HH: Speaking of The Quantified Self, you adopted a rather scientific approach to explore how people use technology to collect data about themselves. Why was this?
TH: A scientific approach seemed appropriate for this project, so I set some visual guidelines for myself. I wanted to introduce the audience to the variety of technology and data that people are using and monitoring but more importantly, I wanted to show the motivations of each person who dedicated time and energy to this level of self-study.
HH: Is there any technology that you are keen to explore for yourself right now?
TH: I am intrigued by new technology in 3D and 360 photography. Immersive storytelling is already becoming a fantastic tool for documentary storytellers and conflict photographers.
The main thing holding this back is audience acceptance, in a time when attention spans are shorter than ever, I think it will be hard to encourage viewers to invest the time it takes to be immersed in a story.
HH: Looking back, it has been more than 10 years since Dead Time. How do you feel about it now?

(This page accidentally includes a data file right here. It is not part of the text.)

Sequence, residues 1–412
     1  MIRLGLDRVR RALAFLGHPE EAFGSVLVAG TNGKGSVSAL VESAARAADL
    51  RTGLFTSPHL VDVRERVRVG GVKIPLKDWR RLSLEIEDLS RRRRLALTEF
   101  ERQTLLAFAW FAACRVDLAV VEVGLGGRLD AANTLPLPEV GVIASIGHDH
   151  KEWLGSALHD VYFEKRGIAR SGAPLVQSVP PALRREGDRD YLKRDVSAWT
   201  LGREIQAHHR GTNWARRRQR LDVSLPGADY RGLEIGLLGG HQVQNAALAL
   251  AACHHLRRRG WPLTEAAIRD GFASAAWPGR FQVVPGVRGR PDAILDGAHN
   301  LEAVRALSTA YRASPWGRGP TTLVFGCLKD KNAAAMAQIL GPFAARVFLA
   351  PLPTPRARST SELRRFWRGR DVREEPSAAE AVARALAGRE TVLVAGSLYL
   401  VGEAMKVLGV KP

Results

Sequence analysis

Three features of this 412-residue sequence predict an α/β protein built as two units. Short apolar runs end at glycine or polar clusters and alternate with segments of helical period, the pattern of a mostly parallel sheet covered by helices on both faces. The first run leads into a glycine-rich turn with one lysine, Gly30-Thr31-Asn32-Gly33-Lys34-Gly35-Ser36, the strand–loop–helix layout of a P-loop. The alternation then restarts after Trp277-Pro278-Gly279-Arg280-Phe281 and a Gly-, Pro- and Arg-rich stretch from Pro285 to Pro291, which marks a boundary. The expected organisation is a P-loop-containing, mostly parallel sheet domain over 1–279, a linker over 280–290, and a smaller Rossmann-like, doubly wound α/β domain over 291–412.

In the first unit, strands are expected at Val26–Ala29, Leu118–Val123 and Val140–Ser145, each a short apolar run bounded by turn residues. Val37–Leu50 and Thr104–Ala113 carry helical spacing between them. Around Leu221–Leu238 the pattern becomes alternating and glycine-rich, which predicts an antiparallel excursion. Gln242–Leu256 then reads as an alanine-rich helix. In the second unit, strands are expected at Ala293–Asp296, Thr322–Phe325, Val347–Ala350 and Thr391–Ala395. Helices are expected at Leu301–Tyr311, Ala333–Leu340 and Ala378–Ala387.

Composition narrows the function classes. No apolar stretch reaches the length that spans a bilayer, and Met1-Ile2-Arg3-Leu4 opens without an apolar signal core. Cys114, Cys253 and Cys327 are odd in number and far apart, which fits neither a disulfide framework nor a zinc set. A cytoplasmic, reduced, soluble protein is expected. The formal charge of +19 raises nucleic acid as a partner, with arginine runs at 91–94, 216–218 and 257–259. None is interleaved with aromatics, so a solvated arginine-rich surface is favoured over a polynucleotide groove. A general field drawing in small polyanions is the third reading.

TH: Dead Time was my final project at university. It started from a chance encounter with a couple of young lads who approached me while I was shooting landscapes. ‘Hoodies’ was the term used by media to negatively portray all young people, so I decided to depict another side.
The work was street portraiture. I separated groups and shot very slowly to get past the posturing and posing to a more honest moment. Shooting at dusk with available light meant a slower process anyway and working with film meant that my subjects wouldn’t crowd around to see every shot. What surprised me was the audience’s reaction to the finished work. Many viewers still saw the threatening youth that they would cross the road to avoid confrontation with. The Observer Hodge Awards placed the work in a documentary field while the Jerwood Awards saw a fine art approach, likening the young people to 17th century Van Dyck’s swagger paintings.